• What information has been given to the individuals at the time?
  • If the data has been obtained from a third party, what did they tell individuals about the reuse of the data by third parties for other purposes?
  • How long ago was the data collected? Are there any changes in technology or other context since that time that would affect current expectations?
  • Is the intended purpose and method obvious or widely understood?
  • Is it intended to do anything new or innovative?
  • Is there any actual evidence about expectations, e.g., from market research, focus groups or other forms of consultation?
  • Are there any other factors, given the particular circumstances that indicate that individuals would or would not expect the processing?

Finally, you have to determine how the processing may potentially impact individuals and what damage it might cause. In particular, you should assess whether the processing might cause harm to individual interests, rights and freedoms. Hereby, the likelihood and severity of any harm has to be considered. The ICO recommends to take into account the following aspects:

  • Whether the processing constitutes a barrier to individuals exercising their rights (including but not limited to privacy rights);
  • Whether the processing constitutes a barrier to individuals accessing services or opportunities;
  • Whether the processing might cause the loss of control over further uses of their personal data;
  • Whether the processing contributes to the risk of physical harm;
  • Whether the processing contributes to the risk of financial loss, identity theft or fraud; or
  • Any other significant economic or social disadvantage (discrimination, loss of confidentiality or reputational damage).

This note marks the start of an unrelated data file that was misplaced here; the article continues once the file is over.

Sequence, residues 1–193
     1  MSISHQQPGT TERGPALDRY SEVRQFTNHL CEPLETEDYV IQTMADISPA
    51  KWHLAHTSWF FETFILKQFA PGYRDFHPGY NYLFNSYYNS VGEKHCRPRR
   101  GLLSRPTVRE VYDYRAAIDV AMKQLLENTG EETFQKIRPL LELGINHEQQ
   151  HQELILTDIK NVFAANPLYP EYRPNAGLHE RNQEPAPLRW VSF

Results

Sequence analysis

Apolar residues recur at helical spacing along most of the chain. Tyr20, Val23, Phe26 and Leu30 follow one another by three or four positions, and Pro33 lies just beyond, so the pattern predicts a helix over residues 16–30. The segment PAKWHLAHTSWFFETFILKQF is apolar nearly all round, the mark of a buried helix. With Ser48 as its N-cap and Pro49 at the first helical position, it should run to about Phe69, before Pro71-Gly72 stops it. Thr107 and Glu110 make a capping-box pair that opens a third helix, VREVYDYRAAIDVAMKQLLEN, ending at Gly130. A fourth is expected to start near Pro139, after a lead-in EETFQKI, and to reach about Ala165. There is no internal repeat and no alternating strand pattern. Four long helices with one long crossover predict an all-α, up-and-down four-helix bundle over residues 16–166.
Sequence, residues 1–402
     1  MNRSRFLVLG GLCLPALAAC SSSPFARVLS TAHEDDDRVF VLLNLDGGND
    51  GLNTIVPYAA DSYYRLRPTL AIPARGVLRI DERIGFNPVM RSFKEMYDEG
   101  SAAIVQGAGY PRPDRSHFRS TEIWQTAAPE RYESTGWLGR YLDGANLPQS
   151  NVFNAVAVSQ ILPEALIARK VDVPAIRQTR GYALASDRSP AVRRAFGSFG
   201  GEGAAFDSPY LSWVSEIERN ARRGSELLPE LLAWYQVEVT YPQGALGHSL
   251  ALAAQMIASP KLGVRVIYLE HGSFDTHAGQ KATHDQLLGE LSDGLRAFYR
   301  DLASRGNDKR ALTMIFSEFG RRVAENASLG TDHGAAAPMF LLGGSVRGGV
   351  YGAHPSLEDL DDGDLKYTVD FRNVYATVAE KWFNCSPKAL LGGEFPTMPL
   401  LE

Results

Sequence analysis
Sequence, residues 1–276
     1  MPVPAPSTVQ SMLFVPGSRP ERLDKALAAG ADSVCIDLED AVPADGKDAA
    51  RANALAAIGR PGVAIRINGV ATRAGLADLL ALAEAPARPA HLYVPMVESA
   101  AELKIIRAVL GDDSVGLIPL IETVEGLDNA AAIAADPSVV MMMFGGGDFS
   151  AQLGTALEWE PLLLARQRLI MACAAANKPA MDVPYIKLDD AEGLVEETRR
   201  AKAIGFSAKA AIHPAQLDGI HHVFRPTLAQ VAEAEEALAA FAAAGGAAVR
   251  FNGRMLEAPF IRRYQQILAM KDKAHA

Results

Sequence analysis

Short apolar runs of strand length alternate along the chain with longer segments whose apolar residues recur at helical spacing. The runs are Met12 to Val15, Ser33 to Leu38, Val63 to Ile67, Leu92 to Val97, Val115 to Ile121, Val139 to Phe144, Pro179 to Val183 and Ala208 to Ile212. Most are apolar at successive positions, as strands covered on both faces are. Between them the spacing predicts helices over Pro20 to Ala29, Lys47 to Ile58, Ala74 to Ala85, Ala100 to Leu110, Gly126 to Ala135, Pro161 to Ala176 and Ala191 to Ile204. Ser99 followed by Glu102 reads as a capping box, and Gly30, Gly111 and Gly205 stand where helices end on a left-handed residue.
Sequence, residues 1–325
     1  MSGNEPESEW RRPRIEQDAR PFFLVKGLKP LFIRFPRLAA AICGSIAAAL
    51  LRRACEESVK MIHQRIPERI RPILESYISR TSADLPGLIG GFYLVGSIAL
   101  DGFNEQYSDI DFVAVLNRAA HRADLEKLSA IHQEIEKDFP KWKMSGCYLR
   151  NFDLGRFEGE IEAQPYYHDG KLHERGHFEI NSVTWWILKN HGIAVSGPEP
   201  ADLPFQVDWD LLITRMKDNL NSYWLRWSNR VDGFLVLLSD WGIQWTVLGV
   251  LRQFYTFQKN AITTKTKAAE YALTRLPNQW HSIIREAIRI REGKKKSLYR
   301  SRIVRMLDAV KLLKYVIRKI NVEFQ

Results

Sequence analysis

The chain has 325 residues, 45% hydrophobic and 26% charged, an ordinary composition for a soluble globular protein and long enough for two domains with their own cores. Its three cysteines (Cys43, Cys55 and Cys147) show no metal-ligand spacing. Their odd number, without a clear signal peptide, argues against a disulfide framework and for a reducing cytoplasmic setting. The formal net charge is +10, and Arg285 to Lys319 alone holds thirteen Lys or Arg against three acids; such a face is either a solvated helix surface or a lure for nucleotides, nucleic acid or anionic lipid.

If you identify a high risk for individual interests, rights and freedoms, the legitimate interest of your company has to be compelling enough to outweigh these risks in order to pass the balancing test. This makes it necessary to conduct a data protection impact assessment (DPIA). In a DPIA, you assess the risks of the proposed data processing, its necessity and proportionality, and any mitigating measures to counter the assessed risks. Compared to the LIA, the DPIA is a more in-depth assessment, for which the process and content must meet additional minimum requirements.

If you identify lower risks, you only have to weigh these against the benefits that could be derived from the processing. Finally, you should consider the safeguards that can be put in place in order to mitigate the identified risks.

Determining the outcome of an LIA

To determine the outcome of the LIA, all relevant factors that have been identified during the assessment should be weighed against each other in order to assess whether the individual interests or the company’s interests prevail. You should review and update this decision if the legitimate interest and/or the processing are altered in a way that could influence the LIA’s outcome.

If the LIA indicates that the potential impact of the data processing outweighs the legitimate interests, the respective data cannot be processed on the basis of legitimate interests. In this case, you have to consider whether there are other lawful grounds for the data processing provided by the UK GDPR.